Most people are basically honest, but studies show that the average person lies several times a day. Usually, these are little white lies, like: “No, you don’t look like you’ve gained a pound.” These lies are deployed in the hopes of making people feel better, and those that tell them usually don’t feel guilty about their deception. Intentions are good.


Most people don’t tell big lies, like: “I don’t have a gambling problem. Money was just a little tight last month, and the second mortgage will be fine.” Trusting that people don’t lie is the foundation of our marriages, our work, and our everyday dealings in life. We expect that truth is essential to keeping our social fabric intact, to keeping our transactions big and small workable. Truth is essential to the human experience.


Types of Deception


A lot of people give themselves a pass when they omit information with the intent to deceive. They didn’t actually lie, their thinking goes. But in fact, it’s the intent to deceive that makes omission a lie. Concealing the truth can be just as much of a lie as telling an outright whopper. Withholding information is like making a false statement, misrepresenting facts, or deliberately distorting the truth. When the lie of omission is self-serving, it gives the liar what he wants. It makes him look better, or it helps him avoid embarrassment or shame. At its core, it’s still a lie.


Gaslighting is an especially insidious form of deception. It takes place when one person manufactures a lie with the intent to manipulate another person to his detriment. And worse, the gaslighter undermines his victim’s sense of reality, creating confusion and a sense of disbelief in the victim’s own self. This tactic is especially heinous because the gaslighter uses it to assert his control, a common ploy of abusers, narcissists, and authoritarian leaders.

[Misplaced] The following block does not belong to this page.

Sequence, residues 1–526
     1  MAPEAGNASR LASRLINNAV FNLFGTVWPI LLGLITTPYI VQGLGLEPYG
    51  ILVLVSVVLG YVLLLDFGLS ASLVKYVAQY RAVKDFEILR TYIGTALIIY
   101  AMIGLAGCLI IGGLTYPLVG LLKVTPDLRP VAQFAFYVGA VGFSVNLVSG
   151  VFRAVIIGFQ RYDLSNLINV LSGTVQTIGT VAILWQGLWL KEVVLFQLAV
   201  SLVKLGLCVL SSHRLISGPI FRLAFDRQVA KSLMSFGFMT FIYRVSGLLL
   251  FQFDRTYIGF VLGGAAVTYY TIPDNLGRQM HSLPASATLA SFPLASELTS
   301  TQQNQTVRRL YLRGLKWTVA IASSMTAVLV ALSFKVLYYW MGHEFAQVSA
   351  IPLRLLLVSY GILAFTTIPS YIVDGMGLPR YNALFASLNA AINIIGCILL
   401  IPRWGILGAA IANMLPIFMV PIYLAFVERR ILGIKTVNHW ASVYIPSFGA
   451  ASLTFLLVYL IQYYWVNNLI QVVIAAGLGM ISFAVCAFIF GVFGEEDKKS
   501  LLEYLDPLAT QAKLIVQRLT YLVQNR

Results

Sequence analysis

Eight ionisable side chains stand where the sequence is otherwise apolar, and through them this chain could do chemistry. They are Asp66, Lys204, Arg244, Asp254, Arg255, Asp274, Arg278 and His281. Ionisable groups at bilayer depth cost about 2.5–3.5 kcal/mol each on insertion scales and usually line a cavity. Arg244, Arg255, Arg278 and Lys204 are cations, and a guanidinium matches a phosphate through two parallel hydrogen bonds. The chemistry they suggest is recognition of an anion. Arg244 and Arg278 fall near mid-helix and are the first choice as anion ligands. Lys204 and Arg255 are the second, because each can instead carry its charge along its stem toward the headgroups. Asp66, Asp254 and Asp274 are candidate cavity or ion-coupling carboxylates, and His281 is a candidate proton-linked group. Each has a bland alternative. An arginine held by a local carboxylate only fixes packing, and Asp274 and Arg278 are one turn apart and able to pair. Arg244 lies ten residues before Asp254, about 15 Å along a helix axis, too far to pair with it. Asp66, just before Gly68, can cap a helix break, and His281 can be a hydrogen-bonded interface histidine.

Self-deception is another kind of lie, the kind you tell to yourself. While lying to yourself is often considered to be harmless, it’s probably not good for you. But sometimes, lying to yourself just helps you get through the day, or achieve a goal that you might not reach for if you were totally grounded in reality.

Marriage Counseling, Relationship Therapy, Couples Counseling

Why Lie?


Most people lie to avoid negative consequences. And while everyone lies a little, only a few people lie a lot. Those that do are the worst kind of liar—manipulative, exploitive, and often pathological, or compulsive, liars. They lie as a way of controlling others or to hoodwink others into thinking they are better than they really are. These are not just lies, they’re damn lies.



Nancy Travers is an Orange County Counseling professional. If you need safe, effective counseling services, please get in touch. You can reach her here: